Starting in 1966 at Fluxus West, I began to publish annual compilations of the Fluxus lists, adding to those lists interesting artists whom we were able to locate and identify. By 1972, the lists had grown to a point where we published over 1400 names and addresses, together, where possible, with phone numbers. The 1972 list was published in cooperation with Canada’s Image Bank. It was released in hundreds of copies, distributed gratis to artists, arts organizations and publishers around the world. The list became the core of the first FILE Magazine artists’ directory, was used to develop Flash Art’s Art Diary, and, in expanded and better researched versions, served such staid reference tomes as Who’s Who in American Art and Who’s Who in America. The project was an act of social responsibility; access to a fuller universe of information in a professional environment marked by restricted communication. The restriction of communication is a tool and a weapon. It gives power to those who possess the media of communication and it works against those who lack rich success. It seemed to us that certain individuals at the center of art world media -- critics, curators, dealers -- could reach anyone, while the rest of us had a hard time finding jealously guarded mailing lists to reach others. The wide publication of the lists, right or wrong, changed all that. The reference tools and media that grew from our lists had an impact on the art world that was not forseen when, in order to gain greater control over our own communication, Fluxus West began the annual directory and publications.

The existence of such substantial numbers of people, many -- if not most -- interested in communicating with one another and experimentally inclined (at least from time to time) suggested new ways of exhibiting art and of preparing exhibitions. The first such notions were rudimentary. It was tough to bring large works of art out of Eastern Europe in crates, but a big drawing or a suite of photos could easily be put in an envelope to be mailed out as a letter, albeit a thick letter. So it was that at first, even as we were using the mail to create experimental works as individual artists, we were also using the mail to transmit fairly ordinary or traditional art works for exhibitions.

Many of the exhibitions presented at Fluxus West were shipped through the mail, not mail art, but mailed art that was then installed as any art might be. Exhibitions of work by many artists came in the mail: Milan Knizak, Ben Vautier, Christo, George Brecht, and group shows like Young Hungarian Artists, Young Swiss Artists, A Small Show and the original Inch Art project that Terry Reid later carried further in Australia.

At the start of the 1970s, a number of exhibitions blossomed simultaneously that were to transform correspondence art and mail art from private activity to public access. The first projects were the major mail art shows organized by Marcia Tucker at the Whitney Museum, to which Ray Johnson’s personal friends and New York Correspondence School colleagues were invited, and the 1971 Biennal of Paris, curated by French art historian and critic Jean-Marc Poinsot, involving the several dozen figures who were at that time seen as the leading artists in the field.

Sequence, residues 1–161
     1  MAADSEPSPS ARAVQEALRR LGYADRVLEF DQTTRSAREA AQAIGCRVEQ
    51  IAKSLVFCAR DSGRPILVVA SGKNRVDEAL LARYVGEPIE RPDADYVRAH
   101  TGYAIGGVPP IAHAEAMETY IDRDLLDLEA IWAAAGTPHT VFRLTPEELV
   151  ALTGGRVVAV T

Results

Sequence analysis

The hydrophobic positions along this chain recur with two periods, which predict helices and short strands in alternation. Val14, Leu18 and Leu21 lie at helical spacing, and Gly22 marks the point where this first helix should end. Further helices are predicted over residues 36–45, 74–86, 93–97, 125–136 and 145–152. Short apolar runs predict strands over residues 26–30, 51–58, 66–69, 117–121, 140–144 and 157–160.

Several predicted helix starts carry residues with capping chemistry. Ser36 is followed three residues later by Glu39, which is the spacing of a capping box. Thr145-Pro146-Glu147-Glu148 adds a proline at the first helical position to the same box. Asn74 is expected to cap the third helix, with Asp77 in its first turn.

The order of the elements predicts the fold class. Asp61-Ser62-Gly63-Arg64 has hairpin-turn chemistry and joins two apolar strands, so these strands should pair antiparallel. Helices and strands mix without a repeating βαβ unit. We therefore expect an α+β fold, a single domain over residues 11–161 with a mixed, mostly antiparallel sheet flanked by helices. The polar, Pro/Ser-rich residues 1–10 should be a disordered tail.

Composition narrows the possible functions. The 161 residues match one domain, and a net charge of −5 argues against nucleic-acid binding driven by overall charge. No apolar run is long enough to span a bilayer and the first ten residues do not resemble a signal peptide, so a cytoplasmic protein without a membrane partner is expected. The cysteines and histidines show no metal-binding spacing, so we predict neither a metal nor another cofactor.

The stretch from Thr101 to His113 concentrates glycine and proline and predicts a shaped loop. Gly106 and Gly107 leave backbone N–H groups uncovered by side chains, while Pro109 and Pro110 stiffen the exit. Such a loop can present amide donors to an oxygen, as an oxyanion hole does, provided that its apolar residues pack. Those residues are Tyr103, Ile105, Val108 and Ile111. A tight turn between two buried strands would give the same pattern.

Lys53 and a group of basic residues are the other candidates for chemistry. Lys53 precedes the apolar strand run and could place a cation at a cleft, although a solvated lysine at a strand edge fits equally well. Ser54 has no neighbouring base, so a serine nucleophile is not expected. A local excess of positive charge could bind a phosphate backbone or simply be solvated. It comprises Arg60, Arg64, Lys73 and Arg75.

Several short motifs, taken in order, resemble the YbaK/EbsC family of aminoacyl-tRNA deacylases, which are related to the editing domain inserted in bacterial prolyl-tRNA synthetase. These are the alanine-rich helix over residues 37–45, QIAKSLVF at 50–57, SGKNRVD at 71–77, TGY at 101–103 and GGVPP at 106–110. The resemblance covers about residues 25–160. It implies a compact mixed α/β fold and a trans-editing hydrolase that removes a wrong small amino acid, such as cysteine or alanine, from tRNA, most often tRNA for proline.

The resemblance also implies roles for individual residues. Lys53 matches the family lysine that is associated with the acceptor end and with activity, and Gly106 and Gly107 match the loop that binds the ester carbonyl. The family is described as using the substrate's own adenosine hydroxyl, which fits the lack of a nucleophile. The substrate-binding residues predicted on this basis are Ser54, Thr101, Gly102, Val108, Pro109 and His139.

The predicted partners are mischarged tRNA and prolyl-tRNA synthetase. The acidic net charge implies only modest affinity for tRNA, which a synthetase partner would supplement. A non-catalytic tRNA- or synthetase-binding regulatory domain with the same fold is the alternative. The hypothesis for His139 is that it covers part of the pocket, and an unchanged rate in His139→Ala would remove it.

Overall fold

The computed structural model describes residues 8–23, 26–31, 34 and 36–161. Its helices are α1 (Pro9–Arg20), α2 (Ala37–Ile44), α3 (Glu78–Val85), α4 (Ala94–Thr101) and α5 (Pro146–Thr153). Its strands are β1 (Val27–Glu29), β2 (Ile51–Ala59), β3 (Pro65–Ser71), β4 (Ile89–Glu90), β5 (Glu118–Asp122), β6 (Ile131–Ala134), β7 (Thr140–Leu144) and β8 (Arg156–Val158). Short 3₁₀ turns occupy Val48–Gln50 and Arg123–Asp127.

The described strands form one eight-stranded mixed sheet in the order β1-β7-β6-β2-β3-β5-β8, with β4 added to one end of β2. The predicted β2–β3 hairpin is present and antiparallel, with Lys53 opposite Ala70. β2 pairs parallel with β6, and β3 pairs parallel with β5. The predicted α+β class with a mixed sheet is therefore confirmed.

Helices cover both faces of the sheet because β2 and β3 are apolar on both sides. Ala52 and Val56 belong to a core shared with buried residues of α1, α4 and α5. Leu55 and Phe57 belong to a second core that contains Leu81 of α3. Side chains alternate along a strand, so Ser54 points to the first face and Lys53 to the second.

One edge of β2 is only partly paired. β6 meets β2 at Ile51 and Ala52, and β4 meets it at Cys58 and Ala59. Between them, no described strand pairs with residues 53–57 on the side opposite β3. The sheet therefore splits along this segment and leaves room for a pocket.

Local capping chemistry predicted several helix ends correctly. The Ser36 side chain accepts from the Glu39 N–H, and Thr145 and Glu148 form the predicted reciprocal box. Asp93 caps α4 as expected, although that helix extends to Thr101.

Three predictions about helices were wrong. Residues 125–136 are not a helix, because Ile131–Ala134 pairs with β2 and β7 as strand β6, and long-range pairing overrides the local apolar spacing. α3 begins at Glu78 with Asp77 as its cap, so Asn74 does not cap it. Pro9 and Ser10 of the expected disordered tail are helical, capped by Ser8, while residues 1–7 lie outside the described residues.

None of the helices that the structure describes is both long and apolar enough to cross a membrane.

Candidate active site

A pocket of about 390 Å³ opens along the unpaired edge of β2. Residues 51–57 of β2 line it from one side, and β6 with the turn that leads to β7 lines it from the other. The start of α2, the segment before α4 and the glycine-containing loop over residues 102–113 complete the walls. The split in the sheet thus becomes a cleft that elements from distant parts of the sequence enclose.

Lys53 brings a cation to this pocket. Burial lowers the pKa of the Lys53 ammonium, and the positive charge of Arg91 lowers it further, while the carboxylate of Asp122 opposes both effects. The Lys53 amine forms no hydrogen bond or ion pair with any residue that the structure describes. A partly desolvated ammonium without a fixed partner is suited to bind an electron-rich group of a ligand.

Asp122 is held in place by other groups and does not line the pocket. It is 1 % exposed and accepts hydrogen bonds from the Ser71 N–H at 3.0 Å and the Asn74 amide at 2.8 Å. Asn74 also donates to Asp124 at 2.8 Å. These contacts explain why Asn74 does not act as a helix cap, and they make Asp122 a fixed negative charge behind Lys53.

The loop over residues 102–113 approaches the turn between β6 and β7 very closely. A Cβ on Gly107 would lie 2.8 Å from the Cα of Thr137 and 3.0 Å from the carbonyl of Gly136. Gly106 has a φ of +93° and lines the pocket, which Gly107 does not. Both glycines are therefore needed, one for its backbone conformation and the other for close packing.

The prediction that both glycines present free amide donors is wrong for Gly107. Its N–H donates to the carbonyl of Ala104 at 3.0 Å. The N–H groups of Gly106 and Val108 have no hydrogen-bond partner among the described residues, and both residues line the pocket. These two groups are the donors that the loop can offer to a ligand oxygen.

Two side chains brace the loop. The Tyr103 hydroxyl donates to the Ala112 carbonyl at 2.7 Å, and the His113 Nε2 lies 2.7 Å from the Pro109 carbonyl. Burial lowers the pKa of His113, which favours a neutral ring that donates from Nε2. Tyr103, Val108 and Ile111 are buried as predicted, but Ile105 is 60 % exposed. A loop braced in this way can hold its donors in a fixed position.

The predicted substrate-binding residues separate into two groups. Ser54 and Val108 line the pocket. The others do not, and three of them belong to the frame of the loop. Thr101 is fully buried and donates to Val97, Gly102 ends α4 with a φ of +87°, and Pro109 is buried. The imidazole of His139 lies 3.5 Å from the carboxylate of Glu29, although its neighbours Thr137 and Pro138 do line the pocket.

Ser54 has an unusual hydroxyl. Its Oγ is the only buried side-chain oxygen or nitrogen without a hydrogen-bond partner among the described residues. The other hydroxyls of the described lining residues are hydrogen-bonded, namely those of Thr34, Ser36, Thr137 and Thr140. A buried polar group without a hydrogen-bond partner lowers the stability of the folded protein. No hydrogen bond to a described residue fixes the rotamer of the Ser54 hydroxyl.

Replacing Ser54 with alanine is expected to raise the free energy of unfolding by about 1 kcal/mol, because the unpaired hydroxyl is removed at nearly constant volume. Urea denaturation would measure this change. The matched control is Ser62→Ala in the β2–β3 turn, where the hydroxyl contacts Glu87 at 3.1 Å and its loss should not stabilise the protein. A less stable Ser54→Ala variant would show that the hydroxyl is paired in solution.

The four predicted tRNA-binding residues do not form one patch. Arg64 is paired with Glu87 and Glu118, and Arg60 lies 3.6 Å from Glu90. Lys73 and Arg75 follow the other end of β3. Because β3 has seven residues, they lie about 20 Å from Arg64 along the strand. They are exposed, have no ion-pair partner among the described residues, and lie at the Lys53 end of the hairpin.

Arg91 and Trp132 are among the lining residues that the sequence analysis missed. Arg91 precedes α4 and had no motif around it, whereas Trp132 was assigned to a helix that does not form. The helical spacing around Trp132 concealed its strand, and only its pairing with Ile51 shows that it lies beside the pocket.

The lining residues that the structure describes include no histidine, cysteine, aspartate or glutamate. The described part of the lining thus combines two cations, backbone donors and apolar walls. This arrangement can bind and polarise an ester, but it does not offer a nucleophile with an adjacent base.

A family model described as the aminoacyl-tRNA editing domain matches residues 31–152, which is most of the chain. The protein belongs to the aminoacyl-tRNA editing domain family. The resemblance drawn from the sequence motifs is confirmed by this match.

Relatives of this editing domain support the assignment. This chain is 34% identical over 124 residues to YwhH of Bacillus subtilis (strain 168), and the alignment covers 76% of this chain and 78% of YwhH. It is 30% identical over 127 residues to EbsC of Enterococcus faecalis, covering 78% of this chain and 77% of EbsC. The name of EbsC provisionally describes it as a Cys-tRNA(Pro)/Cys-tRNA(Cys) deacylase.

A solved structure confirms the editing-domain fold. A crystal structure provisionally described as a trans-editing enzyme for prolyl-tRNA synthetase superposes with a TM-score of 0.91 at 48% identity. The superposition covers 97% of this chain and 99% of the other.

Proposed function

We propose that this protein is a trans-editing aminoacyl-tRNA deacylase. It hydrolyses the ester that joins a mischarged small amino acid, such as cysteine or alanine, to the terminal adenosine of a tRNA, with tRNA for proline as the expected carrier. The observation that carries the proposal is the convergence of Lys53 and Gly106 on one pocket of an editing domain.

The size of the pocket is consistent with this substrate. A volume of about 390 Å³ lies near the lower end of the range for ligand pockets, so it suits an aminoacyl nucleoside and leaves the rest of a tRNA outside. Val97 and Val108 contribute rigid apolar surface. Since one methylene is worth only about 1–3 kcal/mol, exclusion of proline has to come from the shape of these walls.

At first, the mails were used to create exhibitions or used as a forum for private artists whose interactions were exhibited. The leap to a public process seems to have emerged from an idea that I had after my experience with the lists. I reasoned that the lists themselves might be used as the body of artists invited to exhibit. The notion went through stages. When George Neubert then curator of the Oakland Museum, offered me a one-man exhibition for 1972, I chose a one-year project inviting people to correspond with me through the museum. This invitation started with the use of the lists and grew to become public. A second project was mounted at the University of Washington museum, The Henry Art Gallery, in Seattle. At the Henry Gallery, we addressed the public directly to create enormous regional group participants, incidentally involving participants from afar through extended media and wide public coverage. The final apotheosis was a project entitled Omaha Flow Systems, mounted at the Joslyn Art Museum in the Spring of 1973.

For Omaha Flow Systems, we devised a number of projects and sub-projects, using all of the administrative and analytic tools available to us. The show, while serving to model a wide variety of ideas and projects, became best known as the largest mail art project to date -- or since. Thousands of invitations were mailed, and mass media, local, regional, national and international, were used.

Over 20,000 items were received at the Joslyn, with many tens of thousands of additional viewer contacts, in-put/out-put transactions, systems that we could not trace, satellite exhibitions at other institutions across the region and around the world. The recent histories of mail art show that Omaha Flow Systems became the basic model for all mail art exhibitions since 1973, and -- in its sub-projects -- as the model for several uses of mail art and correspondence art in both exhibition and other forms. In many cases, mail art projects modeled on the paradigm developed in Omaha did not come from Omaha directly. Rather, the model was adapted, say, by an artist from South Dakota who invited a friend from Iowa to participate. The Iowan created a mail art show that was an inspiration to some artists from Staten Island. The Staten Island show influenced some people in Connecticut, and so on. Further, several shows developed at the same time as Omaha Flow Systems, also using our lists and research, had enormous direct influence. These included, most notably, Davi Det Hompson’s Cyclopedia, and the several exhibitions organized by Terry Reid and by the Canadian mail art geniuses at Image Bank. The idea began to take on its own life as a medium or an intermedium, rather than as the project or work of one artist.